With reference to the first portion, at least one of the following two steps is performed.

A) The first portion is made to bypass the first optical filter 250 so that no interaction arises. This may be accomplished, e.g., by properly actuating the respective switches so as to direct the first portion to the respective bypass path. Preferably, the first optical filter 250 is tuned with one of its resonance in the proximity of the center of the WDM bandwidth. This solution A) is preferable in case no respective all-pass filter is present.

B) The first optical filter 250 is tuned until one of its resonances (‘parked resonance’) overlaps an optical frequency of the second sub-grid at or in the proximity of the center of the optical bandwidth of the WDM grid and the two respective adjacent resonances both lie outside said optical bandwidth and consequently they do not interact with the optical channels. The same considerations above with regard to the FSR of the optical filter 260 and the hitless tuning may be applied to the optical filter 250. Again, owing to the fact that no or very small optical power (related to the cross-talk) is present at the parked resonance frequency, the optical filter 250 typically interacts weakly, or not at all, with the optical power in correspondence of this frequency. If this interaction is not negligible, additional measures may be taken, as described above with reference to stage 270 of FIG. 3.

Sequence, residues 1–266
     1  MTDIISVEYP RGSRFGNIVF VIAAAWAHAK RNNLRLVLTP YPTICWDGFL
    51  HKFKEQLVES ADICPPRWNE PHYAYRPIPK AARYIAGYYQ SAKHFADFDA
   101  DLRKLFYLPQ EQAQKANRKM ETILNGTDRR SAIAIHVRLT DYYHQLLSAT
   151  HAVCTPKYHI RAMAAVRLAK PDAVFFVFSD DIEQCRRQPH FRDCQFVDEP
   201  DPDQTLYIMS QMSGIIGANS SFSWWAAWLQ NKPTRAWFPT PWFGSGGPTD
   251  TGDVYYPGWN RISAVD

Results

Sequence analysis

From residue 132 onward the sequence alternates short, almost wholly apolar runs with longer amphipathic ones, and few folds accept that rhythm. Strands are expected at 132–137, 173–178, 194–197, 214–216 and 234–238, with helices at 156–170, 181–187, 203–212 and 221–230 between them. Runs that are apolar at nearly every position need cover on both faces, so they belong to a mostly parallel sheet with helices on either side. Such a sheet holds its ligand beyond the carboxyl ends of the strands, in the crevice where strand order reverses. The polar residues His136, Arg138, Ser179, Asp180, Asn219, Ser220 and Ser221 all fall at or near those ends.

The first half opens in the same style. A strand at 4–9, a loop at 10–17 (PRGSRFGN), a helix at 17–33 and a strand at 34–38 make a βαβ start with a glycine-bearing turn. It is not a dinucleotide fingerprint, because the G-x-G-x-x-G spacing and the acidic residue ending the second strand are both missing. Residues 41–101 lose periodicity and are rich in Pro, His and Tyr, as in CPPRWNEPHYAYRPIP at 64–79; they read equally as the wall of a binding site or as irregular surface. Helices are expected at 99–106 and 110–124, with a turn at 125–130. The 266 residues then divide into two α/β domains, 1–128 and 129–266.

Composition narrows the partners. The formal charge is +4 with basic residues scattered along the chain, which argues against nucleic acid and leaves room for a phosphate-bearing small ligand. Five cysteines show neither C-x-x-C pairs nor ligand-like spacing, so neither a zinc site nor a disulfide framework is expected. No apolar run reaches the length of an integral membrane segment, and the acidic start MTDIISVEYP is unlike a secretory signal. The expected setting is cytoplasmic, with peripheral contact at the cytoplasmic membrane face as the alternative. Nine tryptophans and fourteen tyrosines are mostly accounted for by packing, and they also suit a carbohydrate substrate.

Optionally, in case they were switched-off, the initial and final channels are now switched-on. Said final channel is now filtered by way of said second optical filter 260; for example it may be dropped.

During the entire operation, the thru channels remain substantially unaffected.

Although the present invention has been disclosed and described by way of some embodiments, it is apparent to those skilled in the art that several modifications to the described embodiments, as well as other embodiments of the present invention are possible without departing from the spirit or essential features thereof/the scope thereof as defined in the appended claims.

Referenced by
Citing PatentFiling datePublication dateApplicantTitle
US8032027 *Jul 25, 2006Oct 4, 2011Massachusetts Institute Of TechnologyWide free-spectral-range, widely tunable and hitless-switchable optical channel add-drop filters
US8111994Aug 16, 2007Feb 7, 2012Massachusetts Institute Of TechnologyBalanced bypass circulators and folded universally-balanced interferometers
US8401391 *Dec 8, 2009Mar 19, 2013Tyco Electronics Subsea Communications LlcChannel power management in a branched optical communication system
US8554081 *Jul 9, 2008Oct 8, 2013Tyco Electronics Subsea Communications, LlcOptical add/drop multiplexer including reconfigurable filters and system including the same
US20100008672 *Jul 9, 2008Jan 14, 2010Tyco Telecommunications (Us) Inc.Optical Add/Drop Multiplexer Including Reconfigurable Filters and System Including the Same
US20110135310 *Dec 8, 2009Jun 9, 2011Tyco Telecommunications (Us) Inc.Channel Power Management in a Branched Optical Communication System
WO2013036955A1 *Sep 10, 2012Mar 14, 2013Skorpios Technologies, Inc.Tunable reflectors based on multi-cavity interference
Classifications
U.S. Classification398/85
International ClassificationH04J14/02
Cooperative ClassificationG02B6/29343, G02B6/29395, G02B6/29355, H04J14/0206, H04J14/0205, G02B6/12007, H04J14/0204, H04J14/021
European ClassificationH04J14/02A1B, H04J14/02A1E, H04J14/02A1R, H04J14/02A1C, G02B6/293W10, G02B6/293E4R6, G02B6/293I6F4, G02B6/12M